"Eagle Works, March 17th, 1864.--Dear Grandmother,--I have no doubt that you will be very anxious to know how we have got on. Aunt was awoke by the screaming of some pigs; she got out of bed, lifted up the blind, and saw the water rolling wave over wave. She awoke my uncle, and said, 'Oh John, the World's at an end.' 'Nay, my lass, it cannot be.' They awoke me, and when I saw the water I did not know what to think. Uncle went down the stairs to look, and he saw the water had risen up three steps. He then came up and told us, and just then the gas went out, and we had only about half a candle. Aunt and I then gave up ourselves for lost, but uncle said if the water came any higher we should be obliged to get on the roof. However, he went down again, and found the water had lowered almost a step. O, how thankful we were when we heard that ! Uncle then insisted upon our going to bed, which we did, but could not sleep, and he said he would give anything for a pipe of tobacco, and aunt and I the same for a cup of tea. In the morning we had no fire, no bread, nor anything; and the worst of it was, our kitchen was four or five inches in mud. However, uncle got through into the warehouse, and got us a crust of bread and some tea, and in a short time he was able to get us a loaf and some bread and butter. Almost all the furniture downstairs is spoiled, the piano is smashed, and almost all the household things are spoiled; but aunt says she cannot murmur, because there are so many poor creatures so much worse off than we are. One poor family opposite to us had nothing to eat nor a bit of fire until about four o'clock on Saturday afternoon. You may be sure we are all of us very thankful.--I remain, your affectionate granddaughter, S. J.G."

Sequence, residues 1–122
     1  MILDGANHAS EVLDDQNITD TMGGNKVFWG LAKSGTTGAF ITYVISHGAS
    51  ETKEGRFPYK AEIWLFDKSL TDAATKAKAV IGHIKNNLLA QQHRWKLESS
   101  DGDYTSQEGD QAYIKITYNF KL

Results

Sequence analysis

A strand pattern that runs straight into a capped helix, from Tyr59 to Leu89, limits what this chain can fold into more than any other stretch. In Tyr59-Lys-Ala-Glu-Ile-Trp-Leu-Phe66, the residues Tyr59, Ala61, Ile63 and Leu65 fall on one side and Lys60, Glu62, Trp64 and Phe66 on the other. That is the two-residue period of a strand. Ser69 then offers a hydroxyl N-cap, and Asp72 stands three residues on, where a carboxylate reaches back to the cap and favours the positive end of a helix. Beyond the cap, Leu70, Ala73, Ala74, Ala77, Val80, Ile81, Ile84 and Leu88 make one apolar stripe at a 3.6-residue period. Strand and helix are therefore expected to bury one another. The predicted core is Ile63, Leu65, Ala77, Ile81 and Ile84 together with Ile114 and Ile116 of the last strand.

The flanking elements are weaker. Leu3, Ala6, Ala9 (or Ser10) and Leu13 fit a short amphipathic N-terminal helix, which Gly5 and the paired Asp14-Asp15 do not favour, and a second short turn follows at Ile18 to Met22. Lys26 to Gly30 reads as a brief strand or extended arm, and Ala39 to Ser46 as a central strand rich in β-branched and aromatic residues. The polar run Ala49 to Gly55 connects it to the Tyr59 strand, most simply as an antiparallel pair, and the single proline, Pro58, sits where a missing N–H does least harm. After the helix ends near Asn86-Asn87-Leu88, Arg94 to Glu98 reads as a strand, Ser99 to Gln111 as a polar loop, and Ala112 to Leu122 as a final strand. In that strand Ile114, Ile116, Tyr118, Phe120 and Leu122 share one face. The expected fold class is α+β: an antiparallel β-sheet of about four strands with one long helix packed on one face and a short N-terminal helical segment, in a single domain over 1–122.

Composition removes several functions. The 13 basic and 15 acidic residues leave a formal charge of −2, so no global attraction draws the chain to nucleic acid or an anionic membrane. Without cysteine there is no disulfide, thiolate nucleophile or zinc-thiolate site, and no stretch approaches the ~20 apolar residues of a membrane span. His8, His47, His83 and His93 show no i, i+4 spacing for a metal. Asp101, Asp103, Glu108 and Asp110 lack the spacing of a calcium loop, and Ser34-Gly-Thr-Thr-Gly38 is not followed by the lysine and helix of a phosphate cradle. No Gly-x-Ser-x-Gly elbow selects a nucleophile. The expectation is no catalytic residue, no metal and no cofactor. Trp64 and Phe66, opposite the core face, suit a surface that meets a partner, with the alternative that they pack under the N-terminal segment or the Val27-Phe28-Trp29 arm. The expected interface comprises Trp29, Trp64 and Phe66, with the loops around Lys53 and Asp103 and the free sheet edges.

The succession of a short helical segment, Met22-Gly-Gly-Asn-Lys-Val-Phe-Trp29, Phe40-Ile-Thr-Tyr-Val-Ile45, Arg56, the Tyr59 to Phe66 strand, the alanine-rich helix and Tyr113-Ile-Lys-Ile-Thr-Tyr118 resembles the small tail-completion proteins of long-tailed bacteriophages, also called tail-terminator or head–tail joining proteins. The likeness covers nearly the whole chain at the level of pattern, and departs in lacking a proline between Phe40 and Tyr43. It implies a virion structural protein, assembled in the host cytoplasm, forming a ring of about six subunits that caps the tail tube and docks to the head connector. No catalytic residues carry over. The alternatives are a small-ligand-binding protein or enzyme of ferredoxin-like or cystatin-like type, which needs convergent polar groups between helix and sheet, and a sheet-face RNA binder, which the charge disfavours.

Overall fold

DESTRUCTION IN HARVEST LANE AND NEIGHBOURHOOD.
Harvest Lane, Orchard Street, and the adjacent streets were inundated to a fearful extent. Several houses were wholly or partially destroyed, and a large number rendered unfit for habitation. Mr. Clayton, grocer, had his door burst open, a large quantity of flour swept away, and two pigs drowned. Mr. W. Batty lost five pigs, Henry Frost six, and a man named Hinchcliffe the same number. Mr. F. Coggan, butter merchant, had the floor of his house let down, and a horse killed. Messrs. Faulkner and Co., carriers, had ten horses drowned. Many dead horses, pigs, and other animals were scattered about in this neighbourhood. The works of Messrs. Norton and Simmons, iron founders, opposite the end of Orchard Street, were much damaged, two horses were drowned, and a quantity of models and other property were swept away. Mr. Samuel Thorpe, Harvest Lane, had a store room carried away, with all its contents, nothing being left except the inner wall of the building.
LOSS OF LIFE, AND NARROW ESCAPES IN HARVEST LANE AND NEIGHBOURHOOD.